McCARTHY, D’ALTON, lawyer, farmer, politician, and businessman; b. 10 Oct. 1836 at Oakley Park, Blackrock (Republic of Ireland), son of D’Alton McCarthy and Charlesina Hope Manners; m. first 23 Oct. 1867 in Barrie, Ont., Emma Catherine Lally (d. 1870), and they had a son and a daughter; m. secondly 15 July 1873 Agnes Elizabeth Lally, widow of Richard Barrett Bernard; they had no children; d. 11 May 1898 in Toronto.
D’Alton McCarthy received his early education at schools directed by clergymen in Blackrock and near Dublin. The family immigrated to Upper Canada in 1847 and settled near Barrie, where D’Alton completed his education at the local grammar school. McCarthy Sr, a lawyer from a distinguished legal family in Ireland, tried farming before resuming his legal career in 1855 in partnership with D’Arcy Boulton* in Barrie. He was an active Orangeman and a grand master in the order, but in 1870 he would deplore attempts to rouse Orange passions following the death of Thomas Scott* during the Red River uprising, and he pleaded with his fellow Orangemen to remain united behind the Conservative party.
D’Alton Jr had joined his father’s law firm in 1858 and was called to the bar the following year. He knew how to interest juries, and he gained a reputation for placing the affairs of his clients above all other considerations. In 1869 father and son ended their partnership with Boulton and established their own firm. Elected a bencher of the Law Society of Upper Canada two years later, the younger McCarthy was named solicitor for Simcoe County in 1873.
With his legal career safely launched, D’Alton McCarthy could attend to other pursuits. He was athletic, was an avid horseman, and eagerly participated in the sports of his day. He was determined to be a gentleman farmer. As a lawyer and a member of the local gentry, he had a natural interest in politics. In the federal election of 1872 he was defeated in Simcoe North by millionaire lumberman Hermon Henry Cook, who reputedly had spent $15,000 on his campaign. At the urging of Sir John A. Macdonald, McCarthy dutifully protested the election but failed to substantiate his charges. The young lawyer was rewarded with a qc on the prime minister’s recommendation. Their bond was sealed when McCarthy took the presidency of the Conservative riding association for Simcoe in 1873. That year he married his late wife’s sister, widow of Macdonald’s brother-in-law, thereby adding a family connection to his political relationship with the Conservative leader.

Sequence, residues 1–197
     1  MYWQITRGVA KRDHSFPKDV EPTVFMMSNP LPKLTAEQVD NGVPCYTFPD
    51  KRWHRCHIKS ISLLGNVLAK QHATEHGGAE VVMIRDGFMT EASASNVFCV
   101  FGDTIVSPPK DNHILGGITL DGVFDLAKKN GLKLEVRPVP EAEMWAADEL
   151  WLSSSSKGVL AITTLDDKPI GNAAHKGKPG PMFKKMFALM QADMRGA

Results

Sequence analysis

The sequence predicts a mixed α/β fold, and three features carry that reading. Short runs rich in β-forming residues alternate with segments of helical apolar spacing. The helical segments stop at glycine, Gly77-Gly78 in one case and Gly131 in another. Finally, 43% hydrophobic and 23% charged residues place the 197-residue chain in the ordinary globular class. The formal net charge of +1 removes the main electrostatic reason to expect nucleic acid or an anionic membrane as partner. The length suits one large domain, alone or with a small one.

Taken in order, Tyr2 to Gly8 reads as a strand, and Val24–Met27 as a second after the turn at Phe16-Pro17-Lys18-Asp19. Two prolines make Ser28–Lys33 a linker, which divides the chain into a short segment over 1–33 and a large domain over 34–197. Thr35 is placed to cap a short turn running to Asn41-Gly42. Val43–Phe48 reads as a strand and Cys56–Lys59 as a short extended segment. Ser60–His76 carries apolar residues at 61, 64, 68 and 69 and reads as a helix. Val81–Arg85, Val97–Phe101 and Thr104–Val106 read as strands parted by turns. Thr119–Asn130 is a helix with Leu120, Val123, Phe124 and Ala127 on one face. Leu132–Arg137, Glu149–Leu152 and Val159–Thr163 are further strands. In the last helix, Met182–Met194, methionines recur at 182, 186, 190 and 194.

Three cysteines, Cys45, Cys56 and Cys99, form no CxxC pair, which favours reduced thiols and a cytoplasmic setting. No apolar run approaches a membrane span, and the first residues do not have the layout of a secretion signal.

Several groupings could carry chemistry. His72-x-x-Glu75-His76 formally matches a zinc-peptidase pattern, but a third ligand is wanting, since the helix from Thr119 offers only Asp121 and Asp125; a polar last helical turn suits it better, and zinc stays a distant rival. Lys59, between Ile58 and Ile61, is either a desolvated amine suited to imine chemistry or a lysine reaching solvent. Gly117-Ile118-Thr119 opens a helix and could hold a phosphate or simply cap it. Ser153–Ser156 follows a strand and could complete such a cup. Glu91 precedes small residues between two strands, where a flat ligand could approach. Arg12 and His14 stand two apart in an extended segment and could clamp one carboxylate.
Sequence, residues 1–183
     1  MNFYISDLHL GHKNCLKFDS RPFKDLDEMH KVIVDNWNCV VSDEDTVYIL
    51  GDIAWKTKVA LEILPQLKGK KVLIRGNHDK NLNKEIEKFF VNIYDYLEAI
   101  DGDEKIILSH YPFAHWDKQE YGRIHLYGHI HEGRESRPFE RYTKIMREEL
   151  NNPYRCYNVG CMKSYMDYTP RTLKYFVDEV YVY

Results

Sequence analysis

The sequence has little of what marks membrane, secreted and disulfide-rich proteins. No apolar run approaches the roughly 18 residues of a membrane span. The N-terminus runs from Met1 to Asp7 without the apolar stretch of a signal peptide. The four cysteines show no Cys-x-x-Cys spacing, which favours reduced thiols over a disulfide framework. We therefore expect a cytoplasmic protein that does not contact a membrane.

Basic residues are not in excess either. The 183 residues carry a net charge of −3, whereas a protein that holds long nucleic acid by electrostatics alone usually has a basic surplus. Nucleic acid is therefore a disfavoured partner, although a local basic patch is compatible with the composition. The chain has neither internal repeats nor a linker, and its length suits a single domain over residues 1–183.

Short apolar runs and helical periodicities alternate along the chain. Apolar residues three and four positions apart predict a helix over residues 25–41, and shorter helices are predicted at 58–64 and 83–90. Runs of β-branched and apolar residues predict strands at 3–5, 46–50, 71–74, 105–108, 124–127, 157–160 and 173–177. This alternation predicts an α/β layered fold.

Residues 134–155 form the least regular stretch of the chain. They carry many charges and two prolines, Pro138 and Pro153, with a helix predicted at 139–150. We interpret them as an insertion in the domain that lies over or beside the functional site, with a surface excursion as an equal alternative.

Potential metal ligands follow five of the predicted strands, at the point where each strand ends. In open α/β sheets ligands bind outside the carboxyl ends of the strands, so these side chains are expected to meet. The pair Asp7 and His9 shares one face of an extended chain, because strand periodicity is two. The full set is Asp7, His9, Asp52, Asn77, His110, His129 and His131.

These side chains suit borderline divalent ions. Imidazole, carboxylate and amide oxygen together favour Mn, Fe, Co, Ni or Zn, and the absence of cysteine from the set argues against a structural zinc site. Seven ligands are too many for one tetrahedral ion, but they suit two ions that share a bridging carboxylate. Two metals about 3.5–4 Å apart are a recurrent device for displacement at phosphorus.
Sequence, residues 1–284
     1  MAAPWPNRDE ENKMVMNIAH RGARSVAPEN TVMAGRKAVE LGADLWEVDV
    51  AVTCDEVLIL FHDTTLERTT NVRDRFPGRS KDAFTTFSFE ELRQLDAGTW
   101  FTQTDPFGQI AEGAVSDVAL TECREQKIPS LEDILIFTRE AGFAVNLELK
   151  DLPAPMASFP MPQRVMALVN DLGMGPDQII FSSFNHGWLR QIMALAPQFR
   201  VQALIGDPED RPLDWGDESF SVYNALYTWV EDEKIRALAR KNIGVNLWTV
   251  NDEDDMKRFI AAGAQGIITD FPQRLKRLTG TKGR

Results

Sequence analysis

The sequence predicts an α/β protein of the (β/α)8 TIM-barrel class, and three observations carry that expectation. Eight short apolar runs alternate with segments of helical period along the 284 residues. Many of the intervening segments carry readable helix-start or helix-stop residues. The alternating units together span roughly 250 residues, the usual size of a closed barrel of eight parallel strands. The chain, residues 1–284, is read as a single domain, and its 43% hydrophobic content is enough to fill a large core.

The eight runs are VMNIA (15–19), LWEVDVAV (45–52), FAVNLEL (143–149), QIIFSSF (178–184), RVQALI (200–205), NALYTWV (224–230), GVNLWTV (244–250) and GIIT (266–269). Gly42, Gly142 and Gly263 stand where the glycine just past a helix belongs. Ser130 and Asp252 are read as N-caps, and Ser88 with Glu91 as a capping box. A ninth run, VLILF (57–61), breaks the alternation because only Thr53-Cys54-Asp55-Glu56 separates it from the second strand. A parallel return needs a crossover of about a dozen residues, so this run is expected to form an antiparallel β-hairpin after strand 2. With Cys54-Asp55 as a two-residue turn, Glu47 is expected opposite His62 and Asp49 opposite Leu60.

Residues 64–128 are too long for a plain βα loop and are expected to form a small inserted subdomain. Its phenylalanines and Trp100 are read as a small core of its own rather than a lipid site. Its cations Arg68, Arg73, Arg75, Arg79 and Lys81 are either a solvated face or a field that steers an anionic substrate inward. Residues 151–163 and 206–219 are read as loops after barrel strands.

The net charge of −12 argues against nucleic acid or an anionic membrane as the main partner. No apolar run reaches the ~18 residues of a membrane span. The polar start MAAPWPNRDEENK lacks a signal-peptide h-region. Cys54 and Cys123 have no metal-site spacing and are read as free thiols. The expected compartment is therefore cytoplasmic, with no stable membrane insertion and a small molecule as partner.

This close association endured the débâcle caused by the Pacific Scandal and by the rejection of the Conservatives at the polls in January 1874, when the Barrie lawyer was again defeated by Cook. This time he successfully protested the election only to lose the resulting by-election in December. Undaunted, McCarthy threw himself into the provincial contest the following year as riding association president, and was rewarded with a Conservative sweep of the Simcoe ridings. Even though he had lost three elections himself, his organizational talents were vindicated, and John Hillyard Cameron*, mp for Cardwell, predicted that “ere long the Conservative flag would wave over his head as the member for the North Riding.”
McCarthy encouraged Macdonald’s revival as an effective leader in 1875 and shared in the resurgence of the Conservative party. Macdonald urged McCarthy to acquire hold of his riding and come to Ottawa to help. “We in opposition are in want of a legal man of good debating power,” Macdonald told him, “and you would have an opportunity of securing at once a status in Parliament which you may never have again.” In 1876 Macdonald took matters into his own hands when Cameron died and a by-election was called, offering McCarthy the safe seat of Cardwell. McCarthy wavered but deferred to the leader’s judgement. Macdonald sent in his best stumper, Charles Tupper*, and McCarthy canvassed the riding thoroughly. In December he won and could at last join Macdonald in the commons.